The education of thousands of children in Türkiye (Turkey) and Syria has been adversely affected after one of the most powerful earthquakes to hit the region in the last century. While the scale of the natural disaster continues to emerge, the impact of the earthquake that struck Turkey and Syria on 6 February 2023, is still being felt.
Many of the students who have lost their homes also lost the safety of their schools as they were destroyed or closed.
For Gökhan Ünlüer, the Chairman of the Board of Beştepe College, a Cambridge International school in Turkey, the devastation inspired him to create an educational initiative, asking private schools to open their doors to more than 30,000 students in Turkey missing out on their education.
In this blog, he tells us about his drive to give thousands of children affected by the earthquake the support they need.
Tell us about yourself Gökhan
I am the Chairman of the Board of Beştepe College, a Cambridge International school in Turkey which was founded in 2015. Currently, it is the only school in our country that actively follows all of the Cambridge Pathway, namely Cambridge Primary, Cambridge Lower Secondary, Cambridge IGCSE, Cambridge International AS & A Level and, Cambridge Professional Development Qualifications. There is also a boarding option at our school.
I am a dedicated educator and I have been working as a consultant for Cambridge International for four years. I think children are our country’s most valuable resource. My mission in life is to help them reach their full potential. I believe that well-educated children will contribute greatly to making our country, and the world a better place to live.
Tell us why you decided to start this project
The Turkish name of the project is “Misafir Öğrenci” and the website address is www.misafirogrenci.org
Misafir öğrenci means “guest student” in English. In other words, the student is hosted for a certain amount of time.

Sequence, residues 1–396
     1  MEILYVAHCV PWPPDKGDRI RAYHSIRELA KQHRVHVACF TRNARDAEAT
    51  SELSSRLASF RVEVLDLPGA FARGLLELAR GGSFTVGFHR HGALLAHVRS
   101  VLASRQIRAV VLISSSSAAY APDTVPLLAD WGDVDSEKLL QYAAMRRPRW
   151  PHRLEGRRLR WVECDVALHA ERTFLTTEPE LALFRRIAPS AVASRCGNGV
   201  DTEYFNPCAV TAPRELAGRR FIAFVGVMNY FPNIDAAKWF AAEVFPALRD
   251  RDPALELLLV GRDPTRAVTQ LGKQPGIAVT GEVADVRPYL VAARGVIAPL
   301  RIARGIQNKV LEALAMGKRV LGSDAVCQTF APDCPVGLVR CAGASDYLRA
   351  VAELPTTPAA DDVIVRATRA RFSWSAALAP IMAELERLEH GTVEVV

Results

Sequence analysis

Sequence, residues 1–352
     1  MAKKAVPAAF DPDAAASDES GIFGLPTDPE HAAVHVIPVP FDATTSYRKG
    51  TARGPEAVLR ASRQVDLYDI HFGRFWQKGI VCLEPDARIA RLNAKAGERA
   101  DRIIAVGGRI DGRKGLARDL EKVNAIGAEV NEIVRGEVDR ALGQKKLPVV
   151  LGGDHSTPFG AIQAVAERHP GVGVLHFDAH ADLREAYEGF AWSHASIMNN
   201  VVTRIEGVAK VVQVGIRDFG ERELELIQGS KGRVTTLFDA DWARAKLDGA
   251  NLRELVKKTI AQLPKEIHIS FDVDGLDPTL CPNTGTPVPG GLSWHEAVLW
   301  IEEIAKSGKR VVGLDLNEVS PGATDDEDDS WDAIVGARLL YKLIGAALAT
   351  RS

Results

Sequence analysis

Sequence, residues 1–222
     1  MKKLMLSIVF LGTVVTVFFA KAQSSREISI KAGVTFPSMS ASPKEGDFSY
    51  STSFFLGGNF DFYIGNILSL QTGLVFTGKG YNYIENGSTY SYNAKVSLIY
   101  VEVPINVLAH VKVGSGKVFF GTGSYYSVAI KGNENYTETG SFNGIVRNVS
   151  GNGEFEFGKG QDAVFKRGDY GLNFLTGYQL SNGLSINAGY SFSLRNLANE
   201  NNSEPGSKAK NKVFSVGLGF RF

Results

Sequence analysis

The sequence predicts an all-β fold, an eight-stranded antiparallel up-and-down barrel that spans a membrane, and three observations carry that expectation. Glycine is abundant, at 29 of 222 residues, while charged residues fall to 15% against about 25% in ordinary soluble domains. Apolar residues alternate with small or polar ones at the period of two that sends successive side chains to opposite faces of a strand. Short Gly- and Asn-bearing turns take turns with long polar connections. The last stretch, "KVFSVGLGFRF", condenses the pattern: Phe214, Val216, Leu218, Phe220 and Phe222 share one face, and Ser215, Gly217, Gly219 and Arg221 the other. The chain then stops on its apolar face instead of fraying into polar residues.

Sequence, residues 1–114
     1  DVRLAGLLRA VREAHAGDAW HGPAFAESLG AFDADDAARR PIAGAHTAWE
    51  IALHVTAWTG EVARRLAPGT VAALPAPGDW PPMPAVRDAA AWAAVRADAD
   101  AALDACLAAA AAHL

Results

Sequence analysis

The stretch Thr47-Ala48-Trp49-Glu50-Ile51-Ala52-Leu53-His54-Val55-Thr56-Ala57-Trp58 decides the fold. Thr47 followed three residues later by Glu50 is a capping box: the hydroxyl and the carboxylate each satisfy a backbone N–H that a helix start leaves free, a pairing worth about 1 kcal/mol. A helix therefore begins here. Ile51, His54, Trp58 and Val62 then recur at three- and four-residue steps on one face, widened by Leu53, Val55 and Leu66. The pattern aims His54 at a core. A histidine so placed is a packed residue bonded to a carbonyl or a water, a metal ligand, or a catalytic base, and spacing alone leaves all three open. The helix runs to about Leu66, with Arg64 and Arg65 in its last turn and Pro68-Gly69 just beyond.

After the earthquake, the parent of one of our graduate students called me. She explained that there was a student who was preparing for the national university exams in Turkey and the earthquake adversely affected the student and his family. She asked whether this student could attend our school as a boarding student.
After that conversation, the idea of the guest student project came to my mind. I knew that people who survived the earthquake would have to migrate to other cities. I thought that when these people move, they would need a school to send their children to. Therefore, I thought if we could develop a software quickly, we will be able to create a website where private schools would announce the number of students they can host. This way, we would be able to host the children who survived the earthquake in our schools and provide them with educational and psychological support.
The first step I took was to have a meeting with the team of software developers in our school. They confirmed that we could quickly develop this software. Then, I shared the idea with the Ankara Education Platform which our school is affiliated with. All the school leaders enthusiastically said that they would support the project. Then, the project was introduced to six associations representing private schools in Turkey and the associations also agreed to support the project.
I was chosen as the project coordinator. The earthquake happened on 6 February and by 10 February, the private schools we were working with in Turkey started to announce on the website, the number of guest students they could accommodate. The project started to attract great interest from both media and the public.
Soon, we had celebrities and influencers starting to support us on social media, and news channels in Turkey were reporting about our work.
The applications began to increase, and students and their families started to benefit from the project.
Is your school in an affected area?
Our school is not in the earthquake zone, so it was not directly affected by the earthquake. However, this is a great disaster, that has a social and psychological impact on everyone in Turkey.